Tuesday, 7 June 2016

72nd Highlanders - Unit completed. Finally!

My apologies for being absent lately but besides some more zombies I tackled a trio of figures that took a bunch of time. Finally I managed to finish the last three daring scotsmen for my NWF highlanders:
The last trio...
Once again it took a while but you know how lousily slow I'm painting from time to time.
... and from another angle.

So now we have the second unit for NWF finished after those more or less generic Brits I painted more than a year ago (here). In addition there'll follow those wonderful new Perry plastics, some mounted troops, artillery and whatever seduces me to complete the collection:

The whole unit of twelve figures.

And yours truly is desperately lacking terrain as you see. Another project on the long list of mine... Rather soon I'll start experimenting with some rubberised horsehair. A incredibly generous blogging fellow send me some of his remains and I'm looking forward to test the stuff. Unfortunately it's rather difficult or extremely expensive to get in Germany...

However let me make some words about the unit I tried to bestow honour with my humble skills. The 72nd Regiment of Foot also known as The Duke of Albany's Own Highlanders was raised in Scotland by the loyalist Kennth Mackenzie, the Earl of Seaforth, in 1778 (in those days numbered the 78th). After some time in home service the regiment took an oversea deployment to the East Indies from 1781 - 1798. During these years they took part in the 2nd Anglo-Mysore War and added their first battle honours to their colours. Meanwhile renumbered 72nd Regiment of Foot they returned to England to collect reinforcements. During the later Napoleonic Wars the 72nd fought in Africa and India but didn't join direct confrontation with the small Corsican.
During the following decades the 72nd fulfilled several tours of duty, mostly to Africa but performing police duties Ireland and England as well. Especially during the Preston Strike in 1842 they gathered questionable fame when shooting down the strike killing four workers and injuring a further three.

Later they fought in the Crimean War, in the Indian Mutiny and took duties in the whole Empire: Gibraltar, West Indies, Ireland, Scotland, England, India and - of course - Afghanistan during the 2nd Anglo-Afghan War. Finally in 1881 the regiment was linked with the (new) 78th Regiment to form the 1st and 2nd Battalion of the Seaforth Highlanders.

And once more.
To be honest this regiment caught me especially because of its very special appearance. As far as I know they were the only regiment wearing tartan trews and tartan puttees during the 2nd Anglo-Afghan war. The more I though about it the more I was delighted by the idea to try to recreate this fashion in 28mm. 

Perry Miniatures sealed my fate with producing those wonderful figures as well as the inspirational examples of some of our fellow bloggers. I mentioned them when I started this unit but I shouldn't do any harm to repeat my muses (now with links to their blogs...):
Firstly 'Mad Guru' who is running the 'Maiwand Day' blog, then my friend Michael who has been working on his very own NWF collection for years, then to the most honourable Michael Awdry esq. who's fueling any interest in Victorian warfare on his wonderful blog and last but not least to Mark Hargreaves and Darrell Hindley for their priceless advice regarding the uniform colours. And of course many thanks to all of you who encouraged me with your kind comments earlier!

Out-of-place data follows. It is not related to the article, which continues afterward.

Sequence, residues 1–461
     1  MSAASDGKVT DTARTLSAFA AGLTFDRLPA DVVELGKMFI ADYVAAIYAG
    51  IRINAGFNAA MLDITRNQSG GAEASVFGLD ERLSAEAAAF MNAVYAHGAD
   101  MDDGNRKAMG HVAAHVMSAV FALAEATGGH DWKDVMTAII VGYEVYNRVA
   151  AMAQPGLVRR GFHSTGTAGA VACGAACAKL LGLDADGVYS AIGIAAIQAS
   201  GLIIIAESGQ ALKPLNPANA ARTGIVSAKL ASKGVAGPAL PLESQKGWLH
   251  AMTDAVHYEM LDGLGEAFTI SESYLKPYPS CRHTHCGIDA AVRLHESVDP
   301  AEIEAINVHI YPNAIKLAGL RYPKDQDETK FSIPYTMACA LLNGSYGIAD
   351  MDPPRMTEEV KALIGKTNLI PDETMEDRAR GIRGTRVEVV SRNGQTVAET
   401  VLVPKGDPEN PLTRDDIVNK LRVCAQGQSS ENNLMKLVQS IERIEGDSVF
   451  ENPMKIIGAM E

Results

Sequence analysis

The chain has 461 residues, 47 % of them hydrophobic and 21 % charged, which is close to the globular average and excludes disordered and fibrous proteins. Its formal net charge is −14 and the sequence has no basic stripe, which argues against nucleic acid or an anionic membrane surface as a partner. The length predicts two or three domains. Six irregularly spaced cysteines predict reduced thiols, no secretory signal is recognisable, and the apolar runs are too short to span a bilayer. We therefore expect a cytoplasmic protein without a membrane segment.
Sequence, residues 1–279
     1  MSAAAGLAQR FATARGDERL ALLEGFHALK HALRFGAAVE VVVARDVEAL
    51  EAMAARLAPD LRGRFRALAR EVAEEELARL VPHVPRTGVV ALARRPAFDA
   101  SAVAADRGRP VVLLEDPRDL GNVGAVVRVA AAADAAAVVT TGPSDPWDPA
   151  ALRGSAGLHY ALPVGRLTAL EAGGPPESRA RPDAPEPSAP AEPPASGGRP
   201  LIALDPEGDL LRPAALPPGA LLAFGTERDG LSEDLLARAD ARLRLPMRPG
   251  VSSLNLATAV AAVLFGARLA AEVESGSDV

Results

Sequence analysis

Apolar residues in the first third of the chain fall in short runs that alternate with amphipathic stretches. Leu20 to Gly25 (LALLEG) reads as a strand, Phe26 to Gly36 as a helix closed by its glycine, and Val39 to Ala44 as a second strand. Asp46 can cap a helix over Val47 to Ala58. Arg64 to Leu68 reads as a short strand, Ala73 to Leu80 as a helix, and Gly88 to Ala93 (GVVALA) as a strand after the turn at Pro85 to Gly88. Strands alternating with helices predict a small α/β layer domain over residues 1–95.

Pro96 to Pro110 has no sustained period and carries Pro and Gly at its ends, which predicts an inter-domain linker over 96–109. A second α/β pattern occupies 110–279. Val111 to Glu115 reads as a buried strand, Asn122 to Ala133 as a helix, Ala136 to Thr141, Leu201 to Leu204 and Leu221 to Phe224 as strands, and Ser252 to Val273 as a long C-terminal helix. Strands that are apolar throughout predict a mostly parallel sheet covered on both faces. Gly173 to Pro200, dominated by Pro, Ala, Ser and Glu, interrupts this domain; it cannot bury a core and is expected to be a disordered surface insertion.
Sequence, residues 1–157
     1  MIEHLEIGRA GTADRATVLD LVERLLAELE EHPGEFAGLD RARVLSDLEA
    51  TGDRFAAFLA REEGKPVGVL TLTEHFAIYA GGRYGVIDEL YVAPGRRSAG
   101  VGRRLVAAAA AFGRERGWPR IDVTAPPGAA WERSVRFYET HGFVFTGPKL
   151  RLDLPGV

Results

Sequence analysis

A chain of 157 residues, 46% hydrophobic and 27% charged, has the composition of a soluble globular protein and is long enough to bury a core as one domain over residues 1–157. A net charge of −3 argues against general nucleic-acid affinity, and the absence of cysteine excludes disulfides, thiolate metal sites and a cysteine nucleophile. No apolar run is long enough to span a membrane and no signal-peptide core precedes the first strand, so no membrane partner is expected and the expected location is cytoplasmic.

Picture from 'Maywand Day' blog.
As usual I used mostly Vallejo Model Colors for those chaps. The skin is once again painted with the excellent Wargames Foundry paint set. As you see the bases aren't completely finished. That's because I chose to take the pictures before applying varnish.

After all I'm more than satisfied with how they turned out. It was a great experience to work with them and I hope not to sound presumptuous when I say that I was able to broaden my horizon during this project.


  1. My dear Stefan, I can't tell you how impressed I am with these, what a fabulous result. I feel that it is you inspiring me at the moment and whilst we are both awaiting the rules, The Men that would be Kings, I am also hearing interesting things about Sharp Practice 2 - all very exciting!

    1. Many, many thanks for your kind words. Indeed I'm waiting for TMtwbK but guess which ruleset I bought three days ago? Mainly for napoleonic skirmishes but it might work for 1880 as well...

    2. Excellent, you must let me know what you think. I had a brief exchange with Paul of the Man Cave who is thinking of using it to recreate skirmish level actions in the Crimea War, which got me thinking about the Indian Mutiny.

    3. Haven't played it yet but the rules themselves make a really good impression. Indian mutiny should surely work with them. I'll drop you an email about that tomorrow.

  2. Great looking highlanders, beautiful job!

  3. These chaps are particularly splendid. I have the Perry Plastic Late Victorian British infantry but have not yet had time or space to paint any. I have assembled half a dozen but got no further than that. I will be interested to see some painted up and read your opinion of them.

    1. Many thanks for your kind feedback, Mark. I know you as an expert for British colonials and thus I really appreciate your opinion a lot.

      The NWF plastics are indeed some very nice models. Seem to get painted rather well but with a real judgement let me wait until I've finished the first bath.

  4. Excellent painting
    Love what you've done with the trews

  5. Wow, those are really wonderful!

  6. They are truly awesome, you've done a fantastic job on some very nice minis!

  7. Thanks a lot for your kind comments, mates!